The Effects of Social Media Engagement on Recall and Recommendation of a Service Experience: An Abstract

Palmer, Adrian; Mete, Melisa and Zhu, Xia (2023). The Effects of Social Media Engagement on Recall and Recommendation of a Service Experience: An Abstract. In: Academy Of Marketing Science 23rd World Marketing Congress, 11-14 Jul 2023, University of Kent, Canterbury, UK.



Social media has become pervasive as a marketing tool, yet we know relatively little about how engagement with social media concurrently with consumption of a service experience influences satisfaction with that experience. Furthermore, we have only limited understanding of whether the recording of an experience facilitates long-term memory recall of the experience, or undermines it by distracting attention during the service encounter. We review literature on memory processes to test hypotheses relating to the effects of social media on satisfaction and subsequent recall. We test our hypotheses in a three-stage, time lagged study of visitors to three museums and art galleries.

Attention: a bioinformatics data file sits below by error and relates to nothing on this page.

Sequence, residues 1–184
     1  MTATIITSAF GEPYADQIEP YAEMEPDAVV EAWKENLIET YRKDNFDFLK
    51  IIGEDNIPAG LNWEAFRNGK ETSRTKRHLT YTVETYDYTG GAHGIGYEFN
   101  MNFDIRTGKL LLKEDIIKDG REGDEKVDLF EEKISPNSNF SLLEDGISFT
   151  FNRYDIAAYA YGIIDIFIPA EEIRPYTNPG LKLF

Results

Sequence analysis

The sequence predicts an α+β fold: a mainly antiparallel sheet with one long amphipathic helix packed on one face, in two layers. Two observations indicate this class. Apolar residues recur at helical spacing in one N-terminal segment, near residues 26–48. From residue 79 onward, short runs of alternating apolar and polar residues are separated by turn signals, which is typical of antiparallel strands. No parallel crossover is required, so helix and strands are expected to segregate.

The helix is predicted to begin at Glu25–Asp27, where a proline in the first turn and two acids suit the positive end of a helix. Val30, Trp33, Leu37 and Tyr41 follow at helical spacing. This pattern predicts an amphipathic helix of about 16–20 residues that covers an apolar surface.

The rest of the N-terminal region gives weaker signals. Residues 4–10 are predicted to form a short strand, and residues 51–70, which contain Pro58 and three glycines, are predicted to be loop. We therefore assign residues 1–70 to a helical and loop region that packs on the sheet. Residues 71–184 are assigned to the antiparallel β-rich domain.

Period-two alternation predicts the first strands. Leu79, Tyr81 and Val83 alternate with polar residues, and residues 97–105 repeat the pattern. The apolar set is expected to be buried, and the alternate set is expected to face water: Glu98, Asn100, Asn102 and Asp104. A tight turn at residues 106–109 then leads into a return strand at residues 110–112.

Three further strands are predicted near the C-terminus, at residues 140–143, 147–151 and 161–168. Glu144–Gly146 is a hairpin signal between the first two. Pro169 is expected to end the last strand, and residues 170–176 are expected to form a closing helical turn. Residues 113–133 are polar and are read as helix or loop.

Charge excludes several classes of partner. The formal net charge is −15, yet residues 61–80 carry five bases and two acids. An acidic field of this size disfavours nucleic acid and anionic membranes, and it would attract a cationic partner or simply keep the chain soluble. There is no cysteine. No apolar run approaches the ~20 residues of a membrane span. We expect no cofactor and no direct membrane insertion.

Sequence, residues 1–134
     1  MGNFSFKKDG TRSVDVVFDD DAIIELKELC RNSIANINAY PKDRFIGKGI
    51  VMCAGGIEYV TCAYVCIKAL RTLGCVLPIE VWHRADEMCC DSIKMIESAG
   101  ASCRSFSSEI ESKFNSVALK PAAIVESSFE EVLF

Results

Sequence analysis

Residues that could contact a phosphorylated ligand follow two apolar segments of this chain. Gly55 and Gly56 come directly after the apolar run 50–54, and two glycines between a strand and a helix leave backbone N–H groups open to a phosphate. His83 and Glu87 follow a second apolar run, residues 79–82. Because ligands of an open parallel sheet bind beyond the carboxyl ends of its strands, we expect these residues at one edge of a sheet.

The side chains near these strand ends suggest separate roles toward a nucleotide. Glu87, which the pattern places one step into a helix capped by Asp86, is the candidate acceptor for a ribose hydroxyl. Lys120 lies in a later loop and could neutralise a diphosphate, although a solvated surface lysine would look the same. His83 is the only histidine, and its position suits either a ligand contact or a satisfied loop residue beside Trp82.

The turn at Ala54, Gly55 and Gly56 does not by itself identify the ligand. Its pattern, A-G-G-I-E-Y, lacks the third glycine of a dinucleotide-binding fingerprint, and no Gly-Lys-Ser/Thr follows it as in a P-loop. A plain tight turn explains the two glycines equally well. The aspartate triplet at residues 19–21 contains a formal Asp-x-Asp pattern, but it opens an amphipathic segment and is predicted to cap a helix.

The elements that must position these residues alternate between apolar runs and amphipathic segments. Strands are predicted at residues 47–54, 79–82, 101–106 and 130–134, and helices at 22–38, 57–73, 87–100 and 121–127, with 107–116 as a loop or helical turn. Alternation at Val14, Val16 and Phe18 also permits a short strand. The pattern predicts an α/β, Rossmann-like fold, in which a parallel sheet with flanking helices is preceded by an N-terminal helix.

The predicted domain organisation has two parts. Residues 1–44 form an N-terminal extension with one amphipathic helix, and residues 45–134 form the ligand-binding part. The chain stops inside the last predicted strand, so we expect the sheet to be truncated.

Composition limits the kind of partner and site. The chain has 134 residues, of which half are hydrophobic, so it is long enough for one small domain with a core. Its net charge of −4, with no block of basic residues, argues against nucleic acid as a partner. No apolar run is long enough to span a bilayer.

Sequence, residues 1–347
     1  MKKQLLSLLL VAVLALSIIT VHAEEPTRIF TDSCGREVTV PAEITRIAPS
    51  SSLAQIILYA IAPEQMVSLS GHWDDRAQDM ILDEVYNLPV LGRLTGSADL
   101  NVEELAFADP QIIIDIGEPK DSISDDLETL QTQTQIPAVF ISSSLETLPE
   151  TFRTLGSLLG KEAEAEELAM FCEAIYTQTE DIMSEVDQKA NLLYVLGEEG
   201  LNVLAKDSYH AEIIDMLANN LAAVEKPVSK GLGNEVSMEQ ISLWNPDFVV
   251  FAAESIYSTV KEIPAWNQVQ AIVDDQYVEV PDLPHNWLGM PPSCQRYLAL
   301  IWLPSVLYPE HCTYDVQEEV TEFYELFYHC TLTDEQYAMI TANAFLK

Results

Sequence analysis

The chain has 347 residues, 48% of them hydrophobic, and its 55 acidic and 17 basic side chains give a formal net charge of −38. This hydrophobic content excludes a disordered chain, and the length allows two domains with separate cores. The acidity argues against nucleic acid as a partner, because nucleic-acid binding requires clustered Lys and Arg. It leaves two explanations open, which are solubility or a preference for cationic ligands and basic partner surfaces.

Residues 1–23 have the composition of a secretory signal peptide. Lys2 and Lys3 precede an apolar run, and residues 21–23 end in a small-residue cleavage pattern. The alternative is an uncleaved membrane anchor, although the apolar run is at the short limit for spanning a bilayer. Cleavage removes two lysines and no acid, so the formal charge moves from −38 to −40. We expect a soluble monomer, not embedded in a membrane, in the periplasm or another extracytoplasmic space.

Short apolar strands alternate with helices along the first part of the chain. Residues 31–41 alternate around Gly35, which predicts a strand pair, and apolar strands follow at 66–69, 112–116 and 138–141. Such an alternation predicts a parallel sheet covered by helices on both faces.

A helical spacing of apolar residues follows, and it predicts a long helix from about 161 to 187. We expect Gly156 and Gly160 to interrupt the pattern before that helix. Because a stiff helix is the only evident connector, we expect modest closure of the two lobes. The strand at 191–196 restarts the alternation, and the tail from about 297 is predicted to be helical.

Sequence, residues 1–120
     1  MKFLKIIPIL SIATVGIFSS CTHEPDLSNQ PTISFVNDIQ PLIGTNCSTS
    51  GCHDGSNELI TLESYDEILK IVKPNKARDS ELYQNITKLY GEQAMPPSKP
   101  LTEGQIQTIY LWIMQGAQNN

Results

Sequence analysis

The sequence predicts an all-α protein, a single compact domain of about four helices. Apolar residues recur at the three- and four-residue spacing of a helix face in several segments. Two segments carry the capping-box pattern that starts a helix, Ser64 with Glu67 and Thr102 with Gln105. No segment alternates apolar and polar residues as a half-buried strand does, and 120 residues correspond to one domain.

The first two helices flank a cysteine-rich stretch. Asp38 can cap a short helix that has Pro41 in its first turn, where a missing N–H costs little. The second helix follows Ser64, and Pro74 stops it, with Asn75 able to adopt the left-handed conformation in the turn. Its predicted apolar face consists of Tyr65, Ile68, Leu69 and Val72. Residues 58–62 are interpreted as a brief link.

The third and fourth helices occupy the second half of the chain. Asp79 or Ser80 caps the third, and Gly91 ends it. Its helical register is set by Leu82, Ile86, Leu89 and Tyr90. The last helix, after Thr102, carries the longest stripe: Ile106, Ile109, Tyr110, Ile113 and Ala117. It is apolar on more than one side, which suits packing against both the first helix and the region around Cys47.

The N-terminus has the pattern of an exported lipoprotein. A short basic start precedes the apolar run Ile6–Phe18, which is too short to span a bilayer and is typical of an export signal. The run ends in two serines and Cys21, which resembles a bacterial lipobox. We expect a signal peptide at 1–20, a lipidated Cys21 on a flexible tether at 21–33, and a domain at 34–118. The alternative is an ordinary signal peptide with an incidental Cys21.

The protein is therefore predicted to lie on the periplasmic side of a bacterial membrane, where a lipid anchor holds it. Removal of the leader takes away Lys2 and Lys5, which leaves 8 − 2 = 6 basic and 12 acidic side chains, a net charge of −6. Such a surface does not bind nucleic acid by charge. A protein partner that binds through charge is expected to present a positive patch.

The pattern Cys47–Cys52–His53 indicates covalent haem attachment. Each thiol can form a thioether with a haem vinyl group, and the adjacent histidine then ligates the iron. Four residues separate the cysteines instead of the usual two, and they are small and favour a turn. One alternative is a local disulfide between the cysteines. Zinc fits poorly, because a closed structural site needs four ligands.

We distinguish between short and long-term memory and conclude that social media engagement during a consumption experience has a positive effect on memorability of that experience, but only on short-term memory. Our analysis shows that for long-term memory there is no significant effect.

We also explore if memorability of a consumption experience has an effect on short- and long-term future behavioural intention. Our analysis shows that although memorability of an event has a positive effect on short-term future behaviour intentions, this is not the case in the longer-term.

After exploring memorability and future behaviour intentions, we seek further understanding of the potential effects of positive emotions evoked by the service experience. In this study, the respondents who reported having positive emotions also reported higher recall and memorability of their experience, and this higher reported recall was applicable for both short-term and long-term memorability. In addition to prior academic work on positive emotions, we have further evidence to show the importance of emotions during an experience for memorability.

Finally this study shows the importance of short-term memorability on several behavioural outcomes. Our conclusion can inform organisations and marketers that short term memorability of an event has a positive effect on revisiting, positive word of mouth and recommendation to others. Understanding the importance of memorability and investing in providing a more memorable experience can lead to more repeat visits, and recommendations to others.

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